Urban and National Renewal

Sometimes there are social structures in place which make access to clean water and sanitation more challenging than simply installing a well.  There could be disputes over control or ownership of a source.  It could be that the demands are just too great for the water table. Water may be allocated to a specific industry or portion on the population disproportionately.  These and many other kinds of problems can happen at local, national, and regional levels.

Even within the United States these problems arise in certain river basins and cities.  California and the Colorado River Basin are two of the best known examples, but a number of cities are struggling with high numbers of disconnects from their water systems for lack of payment.  As urban populations decrease and mean incomes decline in some regions the per capita costs rise, triggering a cascading series of catastrophic events for the most vulnerable, and for the cities themselves as they are further strained in demands for social services.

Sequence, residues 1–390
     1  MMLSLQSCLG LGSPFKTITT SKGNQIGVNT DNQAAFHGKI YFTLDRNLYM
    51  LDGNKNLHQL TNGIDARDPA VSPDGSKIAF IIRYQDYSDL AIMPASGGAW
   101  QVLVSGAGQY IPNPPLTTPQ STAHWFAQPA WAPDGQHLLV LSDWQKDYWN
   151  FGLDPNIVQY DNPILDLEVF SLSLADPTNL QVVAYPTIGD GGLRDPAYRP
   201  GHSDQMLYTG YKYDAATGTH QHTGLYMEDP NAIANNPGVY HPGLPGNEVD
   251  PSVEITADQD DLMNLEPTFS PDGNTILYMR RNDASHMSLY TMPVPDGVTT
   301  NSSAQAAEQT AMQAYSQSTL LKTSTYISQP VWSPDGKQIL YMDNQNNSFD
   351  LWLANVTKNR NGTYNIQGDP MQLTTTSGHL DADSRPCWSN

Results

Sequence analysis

Global Water can work in each of these complex systems, helping each to find the solutions which will strengthen their ability to effectively govern and serve the needs of their population.  Our methods tend to defuse conflict, increase social cohesion and understanding, provide in depth assessments across multiple systems, and generate creative solutions for all sorts of development.

In order to work at the scale necessary to have meaningful impact Global Water usually partners with Sovereignty First www.sovereigntyfirst.com, Cooperative Capacity www.cooperativecapacity.com, and the Institute for Multi-Track Diplomacy www.imtd.org.